Today we’d like to introduce you to Sandra Chaves.
Hi Sandra, we’re thrilled to have a chance to learn your story today. So, before we get into specifics, maybe you can briefly walk us through how you got to where you are today?
My name is Sandra Chaves. I was born in Bogota, Colombia as the youngest child of an incredibly loving family of six. I grew up with many of the wonders of my country’s cultures. A proud Colombian, I left my country 17 years ago trying to find opportunities without knowing what I really needed was to find myself.
At six years old I fell in love with fashion design. I spent hours using a sewing machine, unsupervised, making dresses for my dolls. Even then, I knew I wanted to be a designer.
I went to school for Industrial Design, and during my second year, I got my dream job. I became the product designer and instructor working with a group of 50 people displaced by violence. I mainly worked with women from various regions who wanted to learn a skill and start a business. I loved my job, and I wish I could do it again.
After graduating, I moved to Barcelona–one of the most fulfilling experiences of my life. I found a Flamenco academy 3 blocks from where I was staying and embraced my love of dance, something I’d loved since I was three.
In 2008 I moved to San Antonio, TX under a student visa to improve my English. I pushed myself, taking college classes in web design and graphic design, even though my English was extremely limited. I presented my projects to a class of very confused students who barely understood me. Both fellow students and professors were very understanding and helpful. I believe this decision helped me the most in learning a new language at 30 years old.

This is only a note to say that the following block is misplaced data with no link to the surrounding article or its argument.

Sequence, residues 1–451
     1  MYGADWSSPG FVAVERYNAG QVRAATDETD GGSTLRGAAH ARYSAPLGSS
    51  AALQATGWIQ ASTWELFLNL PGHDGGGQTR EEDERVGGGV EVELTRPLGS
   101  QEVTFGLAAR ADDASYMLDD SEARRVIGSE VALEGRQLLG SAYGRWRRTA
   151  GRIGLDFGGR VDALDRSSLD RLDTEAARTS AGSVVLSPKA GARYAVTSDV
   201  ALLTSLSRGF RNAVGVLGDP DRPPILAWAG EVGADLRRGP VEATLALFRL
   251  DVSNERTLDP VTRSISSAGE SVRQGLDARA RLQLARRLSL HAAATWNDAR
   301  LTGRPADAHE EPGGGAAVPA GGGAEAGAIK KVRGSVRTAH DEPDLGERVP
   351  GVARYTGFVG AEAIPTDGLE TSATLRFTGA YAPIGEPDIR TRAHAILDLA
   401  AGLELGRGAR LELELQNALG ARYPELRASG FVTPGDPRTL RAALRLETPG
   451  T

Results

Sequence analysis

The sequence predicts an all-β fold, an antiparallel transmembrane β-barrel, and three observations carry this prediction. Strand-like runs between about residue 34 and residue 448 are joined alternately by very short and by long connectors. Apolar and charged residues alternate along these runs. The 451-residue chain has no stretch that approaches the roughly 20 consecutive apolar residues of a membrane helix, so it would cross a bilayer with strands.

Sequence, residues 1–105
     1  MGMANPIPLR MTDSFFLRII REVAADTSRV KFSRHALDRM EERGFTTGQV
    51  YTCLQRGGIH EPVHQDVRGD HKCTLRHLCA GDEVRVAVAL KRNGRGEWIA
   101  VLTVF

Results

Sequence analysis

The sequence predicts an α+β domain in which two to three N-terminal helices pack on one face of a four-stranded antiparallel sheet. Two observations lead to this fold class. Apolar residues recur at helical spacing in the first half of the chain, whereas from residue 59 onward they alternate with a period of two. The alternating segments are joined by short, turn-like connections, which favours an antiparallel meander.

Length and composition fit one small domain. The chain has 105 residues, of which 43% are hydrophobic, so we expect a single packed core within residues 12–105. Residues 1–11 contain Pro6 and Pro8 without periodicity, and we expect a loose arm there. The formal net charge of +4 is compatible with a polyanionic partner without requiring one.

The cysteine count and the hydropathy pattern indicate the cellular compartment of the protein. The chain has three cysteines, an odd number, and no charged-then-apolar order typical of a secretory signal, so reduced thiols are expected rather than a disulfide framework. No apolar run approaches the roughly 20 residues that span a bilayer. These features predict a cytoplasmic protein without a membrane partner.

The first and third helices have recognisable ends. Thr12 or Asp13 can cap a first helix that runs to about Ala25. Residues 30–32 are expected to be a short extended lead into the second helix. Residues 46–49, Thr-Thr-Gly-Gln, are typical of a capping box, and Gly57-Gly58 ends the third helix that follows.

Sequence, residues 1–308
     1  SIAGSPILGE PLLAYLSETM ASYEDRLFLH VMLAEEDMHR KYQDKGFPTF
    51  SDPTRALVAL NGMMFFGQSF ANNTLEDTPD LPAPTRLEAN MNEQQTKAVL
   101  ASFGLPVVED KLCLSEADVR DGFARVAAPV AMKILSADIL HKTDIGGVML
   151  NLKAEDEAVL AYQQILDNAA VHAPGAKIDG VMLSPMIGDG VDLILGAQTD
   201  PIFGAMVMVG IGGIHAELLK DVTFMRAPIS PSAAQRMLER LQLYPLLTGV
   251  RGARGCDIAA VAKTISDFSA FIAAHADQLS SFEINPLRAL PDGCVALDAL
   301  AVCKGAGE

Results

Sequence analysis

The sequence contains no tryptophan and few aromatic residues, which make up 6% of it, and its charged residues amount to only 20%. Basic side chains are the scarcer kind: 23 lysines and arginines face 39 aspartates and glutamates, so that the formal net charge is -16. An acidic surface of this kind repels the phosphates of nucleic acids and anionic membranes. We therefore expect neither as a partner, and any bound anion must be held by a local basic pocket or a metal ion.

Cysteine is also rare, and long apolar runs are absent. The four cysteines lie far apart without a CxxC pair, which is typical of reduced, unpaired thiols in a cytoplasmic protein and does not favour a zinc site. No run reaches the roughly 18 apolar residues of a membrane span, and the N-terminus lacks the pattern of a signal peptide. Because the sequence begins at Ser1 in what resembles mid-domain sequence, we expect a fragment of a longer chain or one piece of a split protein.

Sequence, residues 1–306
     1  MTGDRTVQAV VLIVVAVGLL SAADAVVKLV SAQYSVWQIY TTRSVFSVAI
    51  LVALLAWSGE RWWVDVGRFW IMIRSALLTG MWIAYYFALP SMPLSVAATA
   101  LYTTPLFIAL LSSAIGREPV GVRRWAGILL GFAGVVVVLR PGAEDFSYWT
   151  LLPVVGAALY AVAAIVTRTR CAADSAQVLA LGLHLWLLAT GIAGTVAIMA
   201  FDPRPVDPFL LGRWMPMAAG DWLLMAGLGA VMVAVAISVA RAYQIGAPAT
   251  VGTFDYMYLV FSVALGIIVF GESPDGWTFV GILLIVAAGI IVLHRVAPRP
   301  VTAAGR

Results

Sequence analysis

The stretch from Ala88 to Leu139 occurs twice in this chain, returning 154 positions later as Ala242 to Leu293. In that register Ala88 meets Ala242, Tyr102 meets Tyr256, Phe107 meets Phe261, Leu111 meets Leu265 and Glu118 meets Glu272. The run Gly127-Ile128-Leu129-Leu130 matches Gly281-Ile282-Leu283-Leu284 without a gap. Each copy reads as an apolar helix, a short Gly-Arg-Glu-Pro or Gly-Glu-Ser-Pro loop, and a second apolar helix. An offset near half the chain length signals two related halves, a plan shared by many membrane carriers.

I have a wonderful husband who, just like my parents, supports me and my ideas. Thanks to him and his love, in 2019 I was able to quit my job and become a full-time student and started my NBA. It is also thanks to him I was able to discover my love for ceramics and rediscover my creativity and self-confidence.
My love for clay started during a childhood vacation, my dad found natural clay near the house and made two small pieces. The handles were two dancing women. Even though we didn’t have a kiln, they were on display at my family’s library for many years until, finally, they fell apart little by little. The image of him transforming a lump of clay into something beautiful has stayed with me.
Thanks to my major in industrial design, I had the chance to experiment with a lot of different materials, including clay. The little time I spent doing ceramics only produced more questions and the bug grew. But life always took me in a different direction.
At the end of 2020, I decided I wasn’t going to allow any more excuses to postpone learning ceramics. I found a community studio, Alamo City Pottery Workshop, in the heart of Bulverde, TX. It couldn’t have been more perfect. I started classes with Patty Hoffman, a self-taught potter who has worked and played in clay since she was a little girl. I continued classes until I was able to become a member. That is when I started “harassing” April Grunspan, the owner of the studio–someone who has become very important in my life. I have learned so much from her and every single member of the studio–they are my little clay family and I love it.
Thanks to the generosity within the local, online, and workshop community, I have had the opportunity to meet open and helpful potters from all over the world.